On November 6, 1961, I was a two year Fireman working at FS 92 on Pico Blvd. in West Los Angeles. We had a beautiful 1958 Seagrave engine, shop #60013 at the time. It was already warm that morning with a Santa Ana wind blowing from the north east. One of those days when you knew you were going to have some action. We were about to have our 8 a.m. lineup at the front of the apparatus floor when we looked up and saw the huge loom-up coming from the Santa Monica Mountains right in front of us. We didn’t wait for the dispatch as Captain Jack Skinner told us to suit up and respond. Engineer Gene “Hoppy” Hopkins started the rig as Vince Cortazzo, Bill Stephens, and I jumped on the tailboard for one of the most memorable shifts we ever had on the department. Fireman Jack Holman would respond and join up with us later. This was the day of the Bel Air fire. As we approached the fire we encountered the fire blowing horizontally across the road in front of us. The rig stopped as we watched from the tailboard Capt. Skinner and Engineer Hopkins (both experienced veterans of the LAFD) discussing a plan. The plan was to drive through the fire which we did. When we got out the other side our hose had dozens of small smoldering burn holes from the embers and my dungaree pants leg was on fire. The fire was moving very fast when we met the chief on the ridge and it seemed like night as the sun was covered by heavy black smoke. We were told to try to get ahead of the fire and protect the structures the majority of which had wood shingle roofs and were burning blocks at a time. Many of the streets had no water so we used our tank and a few times our axe and hayward to pull burning shingles from the roofs that had just ignited. We traveled from block to block and house to house using the “hit and run” technique saving many homes from total destruction.
Engine 92 was at the corner of Roscomare and Anzio Road. A beautiful home with a wood shake roof that had just “taken off.” The roof was ablaze. I advanced a one and a half inch line into the home, and was in the attic, attempting to save the interior of the home. Engineer Hopkins, who was out with the rig, noticed the roof was starting to weaken and rushed inside, telling me to get out. As we made our way through the hallway to the outside, part of the roof collapsed into the structure. A big chandelier fell right between us. It was a close call, but only one of many that we and other firemen would face throughout the day and night. I have always owed Hoppy a great debt of gratitude for getting me out of the house.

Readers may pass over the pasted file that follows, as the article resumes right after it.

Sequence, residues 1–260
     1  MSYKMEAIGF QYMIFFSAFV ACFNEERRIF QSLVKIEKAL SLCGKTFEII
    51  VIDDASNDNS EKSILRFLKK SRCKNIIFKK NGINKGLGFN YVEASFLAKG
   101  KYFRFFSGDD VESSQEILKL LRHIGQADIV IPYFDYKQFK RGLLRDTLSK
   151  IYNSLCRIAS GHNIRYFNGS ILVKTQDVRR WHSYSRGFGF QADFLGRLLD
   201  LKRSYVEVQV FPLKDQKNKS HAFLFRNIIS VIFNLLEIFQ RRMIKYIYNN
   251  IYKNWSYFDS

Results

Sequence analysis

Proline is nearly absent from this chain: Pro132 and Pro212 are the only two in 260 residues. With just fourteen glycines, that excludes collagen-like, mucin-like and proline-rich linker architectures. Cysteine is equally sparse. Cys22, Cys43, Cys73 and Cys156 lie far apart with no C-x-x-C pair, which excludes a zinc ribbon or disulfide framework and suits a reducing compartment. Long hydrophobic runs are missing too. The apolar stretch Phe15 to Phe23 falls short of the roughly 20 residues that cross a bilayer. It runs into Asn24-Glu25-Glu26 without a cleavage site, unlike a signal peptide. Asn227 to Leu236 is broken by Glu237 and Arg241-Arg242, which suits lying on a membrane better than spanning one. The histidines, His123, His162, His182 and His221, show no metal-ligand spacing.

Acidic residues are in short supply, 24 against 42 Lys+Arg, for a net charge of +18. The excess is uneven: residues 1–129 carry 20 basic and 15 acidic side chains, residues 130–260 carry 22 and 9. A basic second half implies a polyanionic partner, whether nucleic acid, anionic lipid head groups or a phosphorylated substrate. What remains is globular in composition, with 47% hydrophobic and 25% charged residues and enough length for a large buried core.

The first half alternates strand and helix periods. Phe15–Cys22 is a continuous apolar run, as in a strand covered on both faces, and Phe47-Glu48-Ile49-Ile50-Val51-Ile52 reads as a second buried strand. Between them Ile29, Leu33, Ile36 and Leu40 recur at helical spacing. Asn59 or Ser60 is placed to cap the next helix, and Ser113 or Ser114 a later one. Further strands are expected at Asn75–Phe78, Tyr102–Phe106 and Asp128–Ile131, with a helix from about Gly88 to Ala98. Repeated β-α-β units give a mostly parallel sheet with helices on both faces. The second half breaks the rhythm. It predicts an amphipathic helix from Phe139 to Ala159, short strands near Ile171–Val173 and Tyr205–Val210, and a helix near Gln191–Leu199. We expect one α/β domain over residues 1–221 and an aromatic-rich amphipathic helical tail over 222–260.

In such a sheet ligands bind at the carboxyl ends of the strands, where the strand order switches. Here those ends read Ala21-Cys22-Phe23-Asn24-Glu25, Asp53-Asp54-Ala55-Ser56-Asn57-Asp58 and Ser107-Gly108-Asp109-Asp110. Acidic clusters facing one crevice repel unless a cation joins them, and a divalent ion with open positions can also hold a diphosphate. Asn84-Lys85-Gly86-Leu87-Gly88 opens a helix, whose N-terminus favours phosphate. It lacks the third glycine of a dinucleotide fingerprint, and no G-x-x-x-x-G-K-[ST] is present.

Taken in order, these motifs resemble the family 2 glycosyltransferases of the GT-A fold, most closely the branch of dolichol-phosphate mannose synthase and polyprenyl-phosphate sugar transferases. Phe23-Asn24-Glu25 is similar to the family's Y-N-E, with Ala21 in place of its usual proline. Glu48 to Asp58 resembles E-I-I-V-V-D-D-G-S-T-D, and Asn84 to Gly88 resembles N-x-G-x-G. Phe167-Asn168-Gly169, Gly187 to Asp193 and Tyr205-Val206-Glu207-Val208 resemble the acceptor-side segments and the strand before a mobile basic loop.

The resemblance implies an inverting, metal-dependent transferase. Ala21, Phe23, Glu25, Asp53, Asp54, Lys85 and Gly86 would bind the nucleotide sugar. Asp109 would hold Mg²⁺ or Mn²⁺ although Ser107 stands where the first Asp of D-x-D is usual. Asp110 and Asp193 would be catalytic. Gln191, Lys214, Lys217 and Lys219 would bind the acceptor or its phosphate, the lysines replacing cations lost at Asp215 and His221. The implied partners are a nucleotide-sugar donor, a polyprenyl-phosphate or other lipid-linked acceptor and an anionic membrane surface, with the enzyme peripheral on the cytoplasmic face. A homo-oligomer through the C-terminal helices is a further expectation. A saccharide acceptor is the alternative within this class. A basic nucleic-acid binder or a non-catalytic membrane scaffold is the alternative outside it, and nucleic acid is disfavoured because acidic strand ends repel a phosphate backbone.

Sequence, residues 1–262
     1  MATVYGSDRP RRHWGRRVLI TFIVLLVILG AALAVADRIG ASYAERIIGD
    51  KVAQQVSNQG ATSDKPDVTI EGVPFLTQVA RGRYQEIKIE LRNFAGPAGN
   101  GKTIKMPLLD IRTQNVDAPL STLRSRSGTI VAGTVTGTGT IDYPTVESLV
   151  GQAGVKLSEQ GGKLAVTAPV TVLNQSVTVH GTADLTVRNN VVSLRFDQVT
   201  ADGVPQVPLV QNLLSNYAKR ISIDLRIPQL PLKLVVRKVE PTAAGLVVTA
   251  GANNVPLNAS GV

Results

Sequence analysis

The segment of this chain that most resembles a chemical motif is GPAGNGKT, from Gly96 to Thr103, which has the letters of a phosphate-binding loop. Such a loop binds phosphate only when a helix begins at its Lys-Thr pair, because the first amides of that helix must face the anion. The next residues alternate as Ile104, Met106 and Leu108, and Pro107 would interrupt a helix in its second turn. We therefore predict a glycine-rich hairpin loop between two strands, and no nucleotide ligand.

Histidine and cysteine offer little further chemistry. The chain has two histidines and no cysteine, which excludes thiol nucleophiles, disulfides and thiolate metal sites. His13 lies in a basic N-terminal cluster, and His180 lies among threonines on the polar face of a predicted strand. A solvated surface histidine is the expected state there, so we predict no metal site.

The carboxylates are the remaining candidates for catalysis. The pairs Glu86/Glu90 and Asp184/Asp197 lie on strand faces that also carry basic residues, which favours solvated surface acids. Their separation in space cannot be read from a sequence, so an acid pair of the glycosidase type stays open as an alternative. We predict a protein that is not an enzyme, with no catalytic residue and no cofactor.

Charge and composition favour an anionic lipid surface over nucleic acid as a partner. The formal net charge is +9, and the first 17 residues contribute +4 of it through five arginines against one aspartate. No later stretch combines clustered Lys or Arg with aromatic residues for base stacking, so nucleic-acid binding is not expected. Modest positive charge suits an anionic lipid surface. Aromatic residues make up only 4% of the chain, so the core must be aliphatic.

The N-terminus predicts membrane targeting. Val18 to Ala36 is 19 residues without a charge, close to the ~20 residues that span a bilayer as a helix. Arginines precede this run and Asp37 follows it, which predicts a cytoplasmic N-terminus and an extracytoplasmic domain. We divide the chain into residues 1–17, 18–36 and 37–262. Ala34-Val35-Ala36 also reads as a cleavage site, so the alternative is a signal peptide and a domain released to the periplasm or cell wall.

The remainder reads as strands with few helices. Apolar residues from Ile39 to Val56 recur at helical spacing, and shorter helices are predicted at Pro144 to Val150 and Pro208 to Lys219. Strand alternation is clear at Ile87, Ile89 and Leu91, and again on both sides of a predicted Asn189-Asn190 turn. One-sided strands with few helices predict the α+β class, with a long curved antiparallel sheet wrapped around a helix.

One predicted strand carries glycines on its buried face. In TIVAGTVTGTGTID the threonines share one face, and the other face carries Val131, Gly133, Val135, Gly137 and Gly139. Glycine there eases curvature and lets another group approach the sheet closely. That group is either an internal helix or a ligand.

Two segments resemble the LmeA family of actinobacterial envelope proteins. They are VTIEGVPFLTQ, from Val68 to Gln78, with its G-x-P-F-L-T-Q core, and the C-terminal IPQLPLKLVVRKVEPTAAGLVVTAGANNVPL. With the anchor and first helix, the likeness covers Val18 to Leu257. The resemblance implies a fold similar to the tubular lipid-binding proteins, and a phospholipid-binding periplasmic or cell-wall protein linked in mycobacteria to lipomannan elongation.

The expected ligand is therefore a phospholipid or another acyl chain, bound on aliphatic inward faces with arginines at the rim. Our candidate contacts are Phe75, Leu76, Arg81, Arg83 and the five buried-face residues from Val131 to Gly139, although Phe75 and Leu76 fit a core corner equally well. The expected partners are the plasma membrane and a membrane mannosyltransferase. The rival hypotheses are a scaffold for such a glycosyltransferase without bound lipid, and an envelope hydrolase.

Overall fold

A few years ago, after an article in the LA Times was written about the fire by Cecilia Rasmussen, I received a call from Rob Barry, who lived in the house Engine 92 was trying to save on Roscomere. He invited me to meet his family and to see the house 45 years later. It was amazing! For one thing – we saved more of the house than I thought. Rob’s father had the house rebuilt with minor modifications and it looked much the same as it must have before the fire hit it. Rob’s brother and mother were there. They all had unbelievable stories to tell of what they went through. Next November, I would like to see Old Engine 92 and maybe new Engine 92 parked in front on the house for the 53rd anniversary of the fire.
On a sad note, Engineer Hoppy Hopkins who retired as a Captain II, passed away in his 90’s still playing golf. He had led a long and rewarding life.
The Bel Air-Brentwood conflagration would become the worst conflagration in the City’s history and ranked 5th in American history with more than 484 homes and 21 other structures destroyed within 6 hours. The fire perimeter was 19 miles involving over 15,000 acres and a loss of $25 million (1961 dollars).
The LAFD Historical Society has the original Engine 92, the 1958 Seagrave that Hoppy Hopkins drove to the fire. I took Hoppy to see his old rig and he told me that when he was moving the rig at the fire by himself, a hot power line fell on the front of the rig. He knew not to get out so he drove through the wire as it arced and sparked. He showed me the crease on the front of the rig that is still there today as a mark of the battle. Retired engineers Mark Howell and Tim Griffin have been working on this rig and soon you will see it in running condition and on display at the Harbor Fire Museum in San Pedro.
By Frank Borden, LAFD retired